Many of the vital advances in the application of electronic systems in the automobile have come from racing, in particular Formula One, the premier car racing circuit in the world. Although not as well known in the United States as NASCAR, Formula One is extremely popular and uses the most technically advanced vehicles in the world. This year's DAC is scheduled just before the two North American Grand Prix, Canada and US - the first one in Montreal and the latter in Indianapolis. Only eleven teams, each fielding two cars, take part in the circuit. Leading teams spend well over $100 million per year in research, design, development, testing, and competition. Although details of the budget are a corporate secret, it is rumored that Ferrari, for example, spends over $300 million per year, and that in the last couple of years Toyota has surpassed them in total money spent. Through the 2007 season, the bulk of the R&D investments in Formula One, estimated to be above the $1.5 billion mark, will be spent on optimization of the power plant, transmission, and aerodynamics in a racing car. This is an impressive amount of money, more in fact, than the revenue of the largest EDA company. The investment has produced, among other things, engines with over 19,000 revolutions per minute, and gearshifts measured in milliseconds. During a race, a Formula One car is in continuous contact with the pits by transmitting information about the engine, the transmission, the tires and just about any other portion of the car. It does so using highly sophisticated encryption technology. Thus, wireless communication is another field that benefits from Formula One research. Beginning in 2008, Formula One is going to direct more of its research budget toward more environmentally aware topics, like fuel economy, recapture of energy, and even alternative power sources. This year Honda Racing has given their cars a definitive environmental look by turning its color scheme into the map of the world. Whether they were influenced by Al Gore's movie or they are thinking ahead to the new direction in the sport is anyone's guess.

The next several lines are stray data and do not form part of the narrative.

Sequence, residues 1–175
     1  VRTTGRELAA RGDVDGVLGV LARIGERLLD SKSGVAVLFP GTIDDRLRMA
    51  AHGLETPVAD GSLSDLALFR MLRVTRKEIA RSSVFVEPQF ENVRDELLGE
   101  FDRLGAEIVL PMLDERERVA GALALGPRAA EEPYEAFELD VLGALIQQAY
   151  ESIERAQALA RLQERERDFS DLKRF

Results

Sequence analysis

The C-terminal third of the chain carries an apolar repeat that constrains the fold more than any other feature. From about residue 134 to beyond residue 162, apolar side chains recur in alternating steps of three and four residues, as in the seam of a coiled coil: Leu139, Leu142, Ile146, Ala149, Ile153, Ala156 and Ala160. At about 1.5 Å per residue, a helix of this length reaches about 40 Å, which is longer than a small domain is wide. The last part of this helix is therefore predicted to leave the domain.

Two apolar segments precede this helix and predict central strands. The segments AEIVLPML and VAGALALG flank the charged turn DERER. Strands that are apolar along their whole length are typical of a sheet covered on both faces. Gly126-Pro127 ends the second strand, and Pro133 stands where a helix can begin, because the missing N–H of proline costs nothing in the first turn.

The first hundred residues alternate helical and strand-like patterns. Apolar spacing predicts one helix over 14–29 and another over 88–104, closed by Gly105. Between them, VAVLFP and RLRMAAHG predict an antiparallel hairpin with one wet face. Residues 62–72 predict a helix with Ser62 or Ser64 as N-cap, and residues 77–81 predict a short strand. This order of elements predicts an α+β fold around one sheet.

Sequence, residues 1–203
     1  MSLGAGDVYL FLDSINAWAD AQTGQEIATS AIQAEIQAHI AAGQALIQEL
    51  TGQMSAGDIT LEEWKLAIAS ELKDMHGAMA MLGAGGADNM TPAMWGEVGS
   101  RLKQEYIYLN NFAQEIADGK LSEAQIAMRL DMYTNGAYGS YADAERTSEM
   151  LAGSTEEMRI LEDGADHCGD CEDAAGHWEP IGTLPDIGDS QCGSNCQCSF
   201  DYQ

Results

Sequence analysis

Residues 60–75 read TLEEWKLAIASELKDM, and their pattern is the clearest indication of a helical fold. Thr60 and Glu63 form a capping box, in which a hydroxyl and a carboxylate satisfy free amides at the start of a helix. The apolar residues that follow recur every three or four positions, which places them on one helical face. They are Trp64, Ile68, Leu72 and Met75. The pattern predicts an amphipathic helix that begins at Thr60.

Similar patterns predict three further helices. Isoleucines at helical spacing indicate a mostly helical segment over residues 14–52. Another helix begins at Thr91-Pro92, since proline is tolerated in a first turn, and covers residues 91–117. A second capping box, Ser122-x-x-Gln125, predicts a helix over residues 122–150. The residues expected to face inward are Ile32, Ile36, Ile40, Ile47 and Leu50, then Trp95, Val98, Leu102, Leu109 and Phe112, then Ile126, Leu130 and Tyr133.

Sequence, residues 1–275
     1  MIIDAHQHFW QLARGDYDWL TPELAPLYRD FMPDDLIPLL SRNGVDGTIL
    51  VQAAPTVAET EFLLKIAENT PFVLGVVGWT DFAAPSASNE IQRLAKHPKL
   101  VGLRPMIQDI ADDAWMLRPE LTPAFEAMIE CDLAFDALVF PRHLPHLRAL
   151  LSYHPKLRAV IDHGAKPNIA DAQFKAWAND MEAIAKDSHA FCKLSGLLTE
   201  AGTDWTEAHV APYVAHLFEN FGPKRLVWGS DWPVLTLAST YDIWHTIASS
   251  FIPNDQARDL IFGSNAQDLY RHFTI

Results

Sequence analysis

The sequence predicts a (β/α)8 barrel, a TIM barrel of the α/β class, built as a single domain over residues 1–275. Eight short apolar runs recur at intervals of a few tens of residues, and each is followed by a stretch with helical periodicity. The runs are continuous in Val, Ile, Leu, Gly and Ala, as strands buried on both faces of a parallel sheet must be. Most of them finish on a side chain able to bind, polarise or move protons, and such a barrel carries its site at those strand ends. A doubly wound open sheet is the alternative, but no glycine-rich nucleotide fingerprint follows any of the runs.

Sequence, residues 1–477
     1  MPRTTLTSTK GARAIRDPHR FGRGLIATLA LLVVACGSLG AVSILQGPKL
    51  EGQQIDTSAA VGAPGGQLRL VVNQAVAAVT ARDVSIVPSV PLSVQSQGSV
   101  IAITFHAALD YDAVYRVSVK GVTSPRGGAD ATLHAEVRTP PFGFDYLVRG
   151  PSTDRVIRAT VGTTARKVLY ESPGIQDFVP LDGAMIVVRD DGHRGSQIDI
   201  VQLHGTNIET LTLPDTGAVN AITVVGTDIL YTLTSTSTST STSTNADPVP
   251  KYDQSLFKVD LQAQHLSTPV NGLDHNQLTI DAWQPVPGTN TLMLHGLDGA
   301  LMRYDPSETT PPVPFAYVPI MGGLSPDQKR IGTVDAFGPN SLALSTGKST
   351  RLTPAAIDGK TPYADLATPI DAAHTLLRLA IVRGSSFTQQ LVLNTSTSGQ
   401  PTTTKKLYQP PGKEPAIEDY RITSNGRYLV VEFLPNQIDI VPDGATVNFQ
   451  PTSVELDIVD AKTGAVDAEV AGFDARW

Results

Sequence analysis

Dr. Smith points out that: "The 44th DAC gives conference attendees a chance to explore issues relevant to automotive electronics at several different levels. Technical subjects covered range from the design of safety-critical systems, through virtual prototyping, to new techniques for network analysis. Silicon design is not overlooked: for example, the special characteristics of IC design for automotive applications will be described, together with the implications for EDA tool vendors. And for those less deeply involved in automotive technology, there is an exciting glimpse of new electronic capabilities currently under development for the car of the future."
Take advantage of the opportunity to find out how important EDA really is. From Formula One teams to all manufacturers of parts for mass produced cars, most companies in the automotive sectors use EDA tools or integrate semiconductor parts in their products.